CUSCO

Cusco, a city in the Peruvian Andes, was once capital of the Inca Empire, and is now known for its archaeological remains and Spanish colonial architecture. Plaza de Armas is the central square in the old city, with arcades, carved wooden balconies and Incan wall ruins. The baroque Santo Domingo Convent was built on top of the Incan Temple of the Sun (Qoricancha), and has archaeological remains of Inca stonework.

MACHU PICCHU

Machu Picchu is an Incan citadel set high in the Andes Mountains in Peru, above the Urubamba River valley, 2,430 metres (7,970 ft) above sea level. Built in the 15th century and later abandoned, it’s renowned for its sophisticated dry-stone walls that fuse huge blocks without the use of mortar, intriguing buildings that play on astronomical alignments and panoramic views. Its exact former use remains a mystery. If you plan on visiting Machu Picchu, you should allow a minimum of 3 days for travel to Cusco and Machu Picchu.

HUACACHINA

Huacachina is a desert oasis and tiny village just west of the city of Ica in southwestern Peru. At its center are the green waters of the Huacachina Lagoon, ringed by palm trees and thought to have therapeutic properties. The lagoon's shores are dotted with bars and clubs. Dune buggies run across the high, rolling sand dunes surrounding the village.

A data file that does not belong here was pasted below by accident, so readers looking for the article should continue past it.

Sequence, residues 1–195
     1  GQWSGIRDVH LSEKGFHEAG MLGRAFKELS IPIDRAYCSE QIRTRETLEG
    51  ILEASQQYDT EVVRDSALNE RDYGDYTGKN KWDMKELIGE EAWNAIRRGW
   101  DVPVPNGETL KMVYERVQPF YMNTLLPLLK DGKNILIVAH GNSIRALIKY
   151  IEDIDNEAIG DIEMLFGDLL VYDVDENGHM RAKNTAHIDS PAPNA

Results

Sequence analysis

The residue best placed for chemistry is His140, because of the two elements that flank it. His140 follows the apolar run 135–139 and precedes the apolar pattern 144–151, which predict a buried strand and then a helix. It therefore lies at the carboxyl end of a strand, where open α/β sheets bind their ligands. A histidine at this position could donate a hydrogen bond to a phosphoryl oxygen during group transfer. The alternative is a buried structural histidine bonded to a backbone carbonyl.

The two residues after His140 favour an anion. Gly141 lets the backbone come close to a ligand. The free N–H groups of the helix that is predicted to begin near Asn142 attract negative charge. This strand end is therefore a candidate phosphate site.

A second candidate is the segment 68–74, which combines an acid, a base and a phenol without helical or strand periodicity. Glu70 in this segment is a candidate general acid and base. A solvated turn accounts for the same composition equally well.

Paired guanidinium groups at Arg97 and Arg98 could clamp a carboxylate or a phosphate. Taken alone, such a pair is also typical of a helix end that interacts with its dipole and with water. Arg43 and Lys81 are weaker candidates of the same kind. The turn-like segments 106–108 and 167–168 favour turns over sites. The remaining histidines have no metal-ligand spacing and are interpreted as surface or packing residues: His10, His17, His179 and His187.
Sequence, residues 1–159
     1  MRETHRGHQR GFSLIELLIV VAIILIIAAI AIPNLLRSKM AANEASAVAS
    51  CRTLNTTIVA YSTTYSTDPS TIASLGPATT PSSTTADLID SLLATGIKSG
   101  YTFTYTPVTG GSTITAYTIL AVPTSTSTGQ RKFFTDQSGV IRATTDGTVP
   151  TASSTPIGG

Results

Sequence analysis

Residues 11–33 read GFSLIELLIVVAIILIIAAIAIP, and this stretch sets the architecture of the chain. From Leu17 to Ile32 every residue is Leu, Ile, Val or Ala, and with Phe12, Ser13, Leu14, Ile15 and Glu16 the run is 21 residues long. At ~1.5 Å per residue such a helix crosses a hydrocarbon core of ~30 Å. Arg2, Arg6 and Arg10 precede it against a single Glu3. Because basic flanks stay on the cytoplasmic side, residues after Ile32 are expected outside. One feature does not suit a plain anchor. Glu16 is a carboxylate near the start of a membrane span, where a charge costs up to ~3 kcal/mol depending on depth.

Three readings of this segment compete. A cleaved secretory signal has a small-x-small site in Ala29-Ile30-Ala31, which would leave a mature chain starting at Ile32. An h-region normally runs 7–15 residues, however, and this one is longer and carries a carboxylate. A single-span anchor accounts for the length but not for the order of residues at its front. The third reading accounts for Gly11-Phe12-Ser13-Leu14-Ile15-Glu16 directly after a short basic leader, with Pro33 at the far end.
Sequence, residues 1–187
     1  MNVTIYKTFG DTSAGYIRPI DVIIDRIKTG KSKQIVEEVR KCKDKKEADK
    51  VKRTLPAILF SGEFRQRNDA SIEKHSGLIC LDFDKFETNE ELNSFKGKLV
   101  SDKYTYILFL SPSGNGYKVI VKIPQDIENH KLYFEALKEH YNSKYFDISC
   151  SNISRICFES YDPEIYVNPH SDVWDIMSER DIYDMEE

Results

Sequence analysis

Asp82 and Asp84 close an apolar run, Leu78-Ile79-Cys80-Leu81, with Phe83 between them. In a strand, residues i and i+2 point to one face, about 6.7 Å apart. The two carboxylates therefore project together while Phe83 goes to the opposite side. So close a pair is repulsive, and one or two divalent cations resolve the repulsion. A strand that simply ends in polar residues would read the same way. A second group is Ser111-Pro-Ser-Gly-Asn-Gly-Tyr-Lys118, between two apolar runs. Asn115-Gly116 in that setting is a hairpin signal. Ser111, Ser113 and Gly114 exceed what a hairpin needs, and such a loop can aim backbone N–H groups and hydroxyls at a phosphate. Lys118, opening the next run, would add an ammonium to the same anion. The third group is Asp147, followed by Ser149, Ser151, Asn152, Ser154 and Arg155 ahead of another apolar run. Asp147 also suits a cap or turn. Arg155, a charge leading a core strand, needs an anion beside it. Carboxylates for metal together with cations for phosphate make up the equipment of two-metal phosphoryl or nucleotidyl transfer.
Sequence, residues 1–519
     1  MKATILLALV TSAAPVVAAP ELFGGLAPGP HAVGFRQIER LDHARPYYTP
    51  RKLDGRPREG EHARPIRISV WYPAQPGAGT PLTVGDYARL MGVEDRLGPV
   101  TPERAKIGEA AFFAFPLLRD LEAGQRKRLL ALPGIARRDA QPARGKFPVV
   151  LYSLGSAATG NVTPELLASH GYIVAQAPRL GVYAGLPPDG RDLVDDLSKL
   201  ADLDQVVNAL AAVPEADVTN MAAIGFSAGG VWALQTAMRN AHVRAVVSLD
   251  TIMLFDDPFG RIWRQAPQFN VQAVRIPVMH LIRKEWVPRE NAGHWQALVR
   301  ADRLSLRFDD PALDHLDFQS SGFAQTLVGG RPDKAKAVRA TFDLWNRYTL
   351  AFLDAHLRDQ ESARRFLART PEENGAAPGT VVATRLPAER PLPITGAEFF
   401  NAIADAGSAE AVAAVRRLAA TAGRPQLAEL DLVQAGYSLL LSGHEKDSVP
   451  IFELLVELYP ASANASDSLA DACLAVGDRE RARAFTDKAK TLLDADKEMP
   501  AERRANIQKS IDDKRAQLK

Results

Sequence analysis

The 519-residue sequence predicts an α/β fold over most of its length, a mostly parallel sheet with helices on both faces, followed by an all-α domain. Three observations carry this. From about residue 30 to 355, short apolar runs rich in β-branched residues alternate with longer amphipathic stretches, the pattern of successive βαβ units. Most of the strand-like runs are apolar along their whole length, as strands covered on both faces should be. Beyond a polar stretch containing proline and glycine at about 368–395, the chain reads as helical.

IQUITOS

Iquitos is a Peruvian port city and gateway to the jungle lodges and tribal villages of the northern Amazon. Its district of Belén is known for its massive open-air street market and rustic stilt houses lining the Itaya River. In the historic center, the Main Square (Plaza de Armas) is surrounded by European-influenced buildings dating to the region's turn-of-the-20th-century boom in rubber production.

MANCORA

Máncora is a resort town in the Piura Region, on Peru's northwest coast. It's known for sandy Máncora beach, whose large waves attract surfers. Las Pocitas and Vichayito beaches are calmer. Restaurants and cafes line the main street, Avenida Piura. The town's bars fuel a lively nightlife scene. La Poza de Barro hot springs and mud baths lie southeast of town. Migrating whales visit the waters offshore.

PUNO

Puno is a city in southern Peru on Lake Titicaca, one of South America's largest lakes and the world's highest navigable body of water. A regional trading hub, the city's also considered Peru's "folkloric capital," owing to its traditional festivals featuring vibrant music and dancing. Landmarks include the Andean baroque-style Puno Cathedral and the Yavari, a 19th-century steamship (now a bed and breakfast).

EXTREME SPORTS

Sandboarding.

Scuba Diving.

Surfing.

Hang gliding.

Desert ATVs.

Rock Climbing.

Hiking.

WILDLIFE EXPERIENCES

Swim with Sea Lions at Islas Palomino

Llama, Alpacas, Vicuñas, Guanacos

Andean Condor

Humpback Whales

Humboldt Penguins

Spectacled bear

Peruvian Hairless Dogs

Vizcacha (Macchu Pichu)

Puma, Jaguar

Piraña

Pink Dolphin

WORLD CLASS EATS

Lima is home to the World's 4th Best Restaurant, Central, whose menu is organized by altitude corresponding to the region in Perú where the dish is sourced.

Here are our favorite restaurants in Lima.

A Thousand Years - Christina Perri, Electronic Violin Cover
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